Thursday, March 07, 2019

Heartworn and Way High: Townes Van Zandt 75

Yes, we're here again with the first of two consecutive posts about two more committed iconoclasts. In fact I think today's hero's friends may have tried to have him committed on more than one occasion.
He's often mentioned in the conversation about most underrated American songwriter. Also one of the most self-sabotaging.
TVZ told the truth in his songs. Sadly, the overarching truth is that he could have been Johnny Cash if he could have laid off the Jesus Juice.
Featuring a gargantuan talent for Big Sky narratives and tall Texas tales, he also was an alcohol consumer so prolific he made Jim Morrison seem like a poster boy for the temperance movement, and a lifelong heroin addict so adept at maintaining he made Janis Joplin seem like The Church Lady.
It's all there in his songs: the desperate, romantic characters roaming Raton Pass on the run from a lover's committment, or the bandits splitting Mexico for Ohio with their tragically stolen loot.
His songs are at once completely elemental and simple, yet simultaneously cinematic and sometimes grandly obscure.
Many could be either picture postcards or feature films.
His career began in the 1960s, as Country sounds began to sidle up to the burgeoning Rock scene like Sweethearts of the Rodeo.
One of those singer-songwriters that sounded ancient and wisened at age 19, he spent the next three decades sharpening his pen and coming up with tunes that are still covered, every day, all over the world.
I know several people, whose opinions I respect, who claim him as the greatest individual songwriter in American history.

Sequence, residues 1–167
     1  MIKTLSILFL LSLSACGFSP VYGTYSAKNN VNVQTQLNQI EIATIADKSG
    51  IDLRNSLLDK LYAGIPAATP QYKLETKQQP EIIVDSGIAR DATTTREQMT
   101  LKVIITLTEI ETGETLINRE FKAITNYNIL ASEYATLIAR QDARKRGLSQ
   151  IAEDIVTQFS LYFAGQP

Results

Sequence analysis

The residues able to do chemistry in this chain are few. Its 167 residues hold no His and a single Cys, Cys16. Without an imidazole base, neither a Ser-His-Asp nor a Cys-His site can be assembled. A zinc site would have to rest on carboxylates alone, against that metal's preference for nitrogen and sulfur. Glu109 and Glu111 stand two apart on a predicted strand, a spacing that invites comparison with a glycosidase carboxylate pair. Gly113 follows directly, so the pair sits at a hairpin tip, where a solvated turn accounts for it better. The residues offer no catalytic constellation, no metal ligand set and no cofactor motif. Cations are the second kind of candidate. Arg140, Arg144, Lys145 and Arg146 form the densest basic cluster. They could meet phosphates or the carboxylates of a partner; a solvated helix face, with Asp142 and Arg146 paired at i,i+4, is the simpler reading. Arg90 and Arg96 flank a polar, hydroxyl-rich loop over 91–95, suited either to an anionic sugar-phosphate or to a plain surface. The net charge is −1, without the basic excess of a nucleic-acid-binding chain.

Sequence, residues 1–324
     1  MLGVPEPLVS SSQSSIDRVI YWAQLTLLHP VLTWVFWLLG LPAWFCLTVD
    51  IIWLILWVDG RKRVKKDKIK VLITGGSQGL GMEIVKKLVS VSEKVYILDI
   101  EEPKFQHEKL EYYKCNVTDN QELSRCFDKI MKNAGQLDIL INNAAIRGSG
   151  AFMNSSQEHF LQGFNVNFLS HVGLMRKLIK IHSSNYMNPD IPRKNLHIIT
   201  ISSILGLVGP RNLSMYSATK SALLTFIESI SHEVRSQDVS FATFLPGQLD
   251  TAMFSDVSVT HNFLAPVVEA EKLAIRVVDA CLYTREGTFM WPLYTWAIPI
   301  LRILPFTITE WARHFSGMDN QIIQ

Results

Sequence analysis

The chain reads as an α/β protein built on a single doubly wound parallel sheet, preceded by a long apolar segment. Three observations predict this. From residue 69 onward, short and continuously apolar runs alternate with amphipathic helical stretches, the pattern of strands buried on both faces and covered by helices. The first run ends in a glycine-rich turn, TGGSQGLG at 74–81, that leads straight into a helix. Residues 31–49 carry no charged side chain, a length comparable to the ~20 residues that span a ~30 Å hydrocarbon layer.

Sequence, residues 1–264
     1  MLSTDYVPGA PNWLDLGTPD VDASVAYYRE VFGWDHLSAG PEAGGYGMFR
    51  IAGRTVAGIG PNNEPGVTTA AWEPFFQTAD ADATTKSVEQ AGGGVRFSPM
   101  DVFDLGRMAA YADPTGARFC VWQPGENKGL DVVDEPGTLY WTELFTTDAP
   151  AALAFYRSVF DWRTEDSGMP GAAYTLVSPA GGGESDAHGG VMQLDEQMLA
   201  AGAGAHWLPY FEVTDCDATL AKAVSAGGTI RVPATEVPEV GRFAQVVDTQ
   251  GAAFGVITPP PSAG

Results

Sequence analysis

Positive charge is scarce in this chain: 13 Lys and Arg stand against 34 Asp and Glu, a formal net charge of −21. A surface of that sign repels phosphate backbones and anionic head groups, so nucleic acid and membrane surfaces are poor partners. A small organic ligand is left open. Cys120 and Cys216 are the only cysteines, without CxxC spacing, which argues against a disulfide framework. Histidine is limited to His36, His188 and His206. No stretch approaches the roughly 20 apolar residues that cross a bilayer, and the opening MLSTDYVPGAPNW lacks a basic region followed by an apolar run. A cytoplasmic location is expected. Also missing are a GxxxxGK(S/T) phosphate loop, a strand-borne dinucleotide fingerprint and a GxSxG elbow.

For someone engaged in slow-motion suicide with drugs and booze, he sure wrote a truckload of 'em, too.
If songwriting is, at its root motive, storytelling, then TVZ is as good as we'll ever get.
He'd have been 75 today, had he not gone the route of so many avatars whose brilliant artistry the Earth cannot seem to adequately support or preserve.
Townes Van Zandt
The Down Home
Johnson City, Tennessee
4.18.1985

01 NPR intro
02 WETS-FM intro
03 Dollar Bill Blues
04 Pancho and Lefty
05 Buckskin Stallion Blues
06 No Place to Fall
07 Talking Thunderbird Blues
08 Mr. Mudd and Mr. Gold 
09 If I Needed You
10 Snowin' On Raton
11 To Live Is to Fly
12 Don't You Take It Too Bad
13 Snake Mountain Blues
14 Rake
15 Fraternity Blues 
16 Colorado Girl incl. Just Like Tom Thumb's Blues
17 WETS-FM outro
18 NPR outro

Total time: 58:52

Townes Van Zandt - guitar & vocals
Mickey White - guitar
Donny Silverman - saxophones & flute

master pre-FM reel from WETS-FM in Johnson City, TN
332 MB FLAC here
This set was taped in 1985 for National Public Radio and finds Townes in rare and top form, delivering some of his most epic and timeless tracks in the company of two co-conspirators.
I will return tomorrow with another blast of blessings, but today is the day to celebrate a visionary talent gone too soon from our world, but whose output and aesthetic influence still reigns over the Americana genre he helped establish like the highest mountains atop his beloved Colorado.--J.
3.7.1944 - 1.1.1997
To live is to fly
Low and high
So shake the dust off of your wings
And the sleep out of your eyes